Leadership in times of Crisis
Updated: Jun 1
In our work with clients, almost every successful transformation or change management boils down to three important factors – Visibility, Control and Support. They are the most critical factors for any company in any times, and especially during crisis or periods of great change and instability. I would consider the current period to be one of those times.
Why do I say they are the most important? If you ever talked to a scriptwriter or storyteller, the secrets to a good thriller or horror story lies somewhere in this three words - Visibility, Control and Support. Similarly, the best roller coaster designers in the world would also tell you that this three factors is the key to a successful roller coaster ride.
In a horror movie, the scariest part of the show is often right before the monster appears. In a roller coaster ride, it is that part right before the peak, where you see no more tracks in front of you. Employees are most worried when they don't have clarity about the business directions, the company's future and consequently their future.
When the monster reveals itself, that very moment you might get a rude shock but all the foreboding is gone. When the roller coaster passes the peak and start rolling down, suddenly it ain't that hair-raising anymore.
In a show, it is more frightening when the protagonist is not in control of everything such as holding the fort until dawn breaks and suddenly realising that the zombies are not afraid of sunlight. On the roller coaster, the changes in speed along the whole ride is engineered precisely to create the illusion of the loss of control. Some even go to the extent to stop entirely when the ride is upside down.
In a business, when staffs are not empowered to do what they need to, it can be disconcerting. However, decentralising control means that leaders has to learn to let go. This requires that employees be adequately trained to do so. At times, you have to lose some control to gain more.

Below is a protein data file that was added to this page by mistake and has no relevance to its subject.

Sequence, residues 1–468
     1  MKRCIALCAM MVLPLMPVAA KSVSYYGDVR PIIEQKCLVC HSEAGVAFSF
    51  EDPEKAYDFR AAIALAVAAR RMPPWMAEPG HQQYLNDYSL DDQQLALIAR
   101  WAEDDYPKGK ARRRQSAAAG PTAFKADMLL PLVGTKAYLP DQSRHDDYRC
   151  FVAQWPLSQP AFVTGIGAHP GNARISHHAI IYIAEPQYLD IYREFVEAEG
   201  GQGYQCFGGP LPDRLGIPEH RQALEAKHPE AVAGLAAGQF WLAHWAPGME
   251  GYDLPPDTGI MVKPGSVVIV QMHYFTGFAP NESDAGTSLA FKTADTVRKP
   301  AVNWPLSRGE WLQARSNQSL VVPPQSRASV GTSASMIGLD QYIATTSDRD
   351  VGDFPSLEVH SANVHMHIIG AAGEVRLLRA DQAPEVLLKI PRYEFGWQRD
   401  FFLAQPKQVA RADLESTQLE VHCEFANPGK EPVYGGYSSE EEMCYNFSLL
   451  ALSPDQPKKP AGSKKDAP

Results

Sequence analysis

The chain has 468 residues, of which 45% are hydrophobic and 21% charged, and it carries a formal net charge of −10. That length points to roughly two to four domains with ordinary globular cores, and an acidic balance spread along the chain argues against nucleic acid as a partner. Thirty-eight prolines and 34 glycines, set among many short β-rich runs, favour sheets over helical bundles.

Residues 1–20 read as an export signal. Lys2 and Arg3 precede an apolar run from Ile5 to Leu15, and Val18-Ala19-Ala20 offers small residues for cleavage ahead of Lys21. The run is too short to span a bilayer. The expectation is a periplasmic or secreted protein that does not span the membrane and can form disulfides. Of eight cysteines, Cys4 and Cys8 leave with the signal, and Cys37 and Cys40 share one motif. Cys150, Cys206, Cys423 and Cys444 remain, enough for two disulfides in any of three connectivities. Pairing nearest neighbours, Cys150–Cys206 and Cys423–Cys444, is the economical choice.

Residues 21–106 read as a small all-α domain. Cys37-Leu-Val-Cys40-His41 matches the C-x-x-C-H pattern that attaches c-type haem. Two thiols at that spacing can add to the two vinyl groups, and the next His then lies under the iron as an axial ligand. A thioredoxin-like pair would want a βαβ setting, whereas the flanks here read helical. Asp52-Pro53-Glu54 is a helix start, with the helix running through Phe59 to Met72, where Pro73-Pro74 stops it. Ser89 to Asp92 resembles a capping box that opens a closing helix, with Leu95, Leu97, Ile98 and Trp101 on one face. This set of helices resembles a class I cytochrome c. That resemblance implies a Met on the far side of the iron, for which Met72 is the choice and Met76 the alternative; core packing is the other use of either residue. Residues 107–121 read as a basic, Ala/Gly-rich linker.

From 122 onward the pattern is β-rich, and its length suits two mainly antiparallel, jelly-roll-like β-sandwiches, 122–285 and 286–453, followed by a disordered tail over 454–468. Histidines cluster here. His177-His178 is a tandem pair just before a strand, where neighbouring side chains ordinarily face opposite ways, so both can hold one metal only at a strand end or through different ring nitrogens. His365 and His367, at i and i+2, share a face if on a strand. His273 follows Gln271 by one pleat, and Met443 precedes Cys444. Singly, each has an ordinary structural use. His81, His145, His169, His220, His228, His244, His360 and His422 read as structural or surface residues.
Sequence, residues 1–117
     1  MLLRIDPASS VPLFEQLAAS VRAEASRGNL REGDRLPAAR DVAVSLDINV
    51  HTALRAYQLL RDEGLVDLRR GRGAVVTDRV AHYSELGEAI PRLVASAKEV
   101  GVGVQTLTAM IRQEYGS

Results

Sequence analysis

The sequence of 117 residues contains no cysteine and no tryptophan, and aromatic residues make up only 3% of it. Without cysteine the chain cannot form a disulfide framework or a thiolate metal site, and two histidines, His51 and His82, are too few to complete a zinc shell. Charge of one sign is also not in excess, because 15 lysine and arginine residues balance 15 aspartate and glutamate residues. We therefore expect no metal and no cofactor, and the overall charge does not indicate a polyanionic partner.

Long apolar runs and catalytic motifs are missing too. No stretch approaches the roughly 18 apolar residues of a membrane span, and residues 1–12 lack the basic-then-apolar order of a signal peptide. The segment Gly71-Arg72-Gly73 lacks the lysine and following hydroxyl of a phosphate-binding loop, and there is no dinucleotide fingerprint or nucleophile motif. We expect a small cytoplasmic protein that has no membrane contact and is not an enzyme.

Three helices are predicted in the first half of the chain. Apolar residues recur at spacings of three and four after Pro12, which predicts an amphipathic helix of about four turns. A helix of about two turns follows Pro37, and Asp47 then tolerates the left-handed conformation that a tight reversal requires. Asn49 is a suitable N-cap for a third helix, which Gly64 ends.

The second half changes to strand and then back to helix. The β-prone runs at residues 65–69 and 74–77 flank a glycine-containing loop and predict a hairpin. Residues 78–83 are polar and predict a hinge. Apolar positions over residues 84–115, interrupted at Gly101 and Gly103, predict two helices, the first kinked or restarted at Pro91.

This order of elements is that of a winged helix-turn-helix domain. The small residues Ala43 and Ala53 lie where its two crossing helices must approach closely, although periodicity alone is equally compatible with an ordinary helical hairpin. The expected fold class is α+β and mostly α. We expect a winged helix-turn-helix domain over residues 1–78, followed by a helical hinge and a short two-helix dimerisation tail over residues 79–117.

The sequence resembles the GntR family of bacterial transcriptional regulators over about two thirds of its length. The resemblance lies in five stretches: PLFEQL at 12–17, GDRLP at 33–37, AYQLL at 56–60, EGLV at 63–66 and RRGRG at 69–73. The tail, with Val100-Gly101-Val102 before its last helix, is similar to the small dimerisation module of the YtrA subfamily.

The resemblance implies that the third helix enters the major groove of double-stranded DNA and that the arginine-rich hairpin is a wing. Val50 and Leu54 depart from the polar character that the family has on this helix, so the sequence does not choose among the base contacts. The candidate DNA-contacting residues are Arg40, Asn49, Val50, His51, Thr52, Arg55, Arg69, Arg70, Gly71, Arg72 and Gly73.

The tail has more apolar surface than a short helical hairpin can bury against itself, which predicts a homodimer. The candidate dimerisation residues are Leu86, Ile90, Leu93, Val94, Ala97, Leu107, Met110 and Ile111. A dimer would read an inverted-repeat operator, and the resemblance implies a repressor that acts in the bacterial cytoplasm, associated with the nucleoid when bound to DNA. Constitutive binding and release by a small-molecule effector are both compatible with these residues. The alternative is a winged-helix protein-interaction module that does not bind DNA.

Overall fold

"When I grip the wheel too tight, I find I lose control" - Steve Rapson
It is more unnerving when the protagonist has to go into a battle or faces the monsters with empty-handed and with no back-up, as compared to going in well-prepared, with the support with a group of team-mates with different specialties. Likewise, certain pillars were added intentionally and strategically to achieve the effect of a loss in support where pillars weren't added.
"Anything is possible when you have the right people there to support you" -Misty Copeland
During such times of crisis, a good leader looks to provide visibility, control and support to their team. What are some of the ways to do this?
Visibility - Communicate clearly to everyone the situation at hand and the steps that are being taken to address the situation as well as clarify if long term strategic directions has changed. Even if it is bad news, it is important to break it and highlight the steps taken to mitigate or overcome it. Organise a (virtual) town hall to ensure everyone is aware and allow for questions and answers to provide greater clarity and visibility.
Control - Empower your staff to do what is required, especially in this pandemic situation where everybody is working remotely from home. Provide them with the control they need to do their job. Trust them to do the right thing. Let them tell you what they intend to do and provide some guidance and feedback, instead of telling them what to do. Sometimes, you have to lose some control to gain control.
Support - Be available to offer assistance and support. Ensure your staff have access to you. This can be done via daily or weekly check-in sessions where everyone and especially you ask everyone what help they need from you and the team to accomplish their work. This is especially when everyone is now isolated from one another, working from home. At times, the act of being available is all the support that is needed.
Written by Kok How Lee, founder of KeyHole Insights. Kok How is an economist, strategist and consultant with over 15 years of experience in both the public and private sector.
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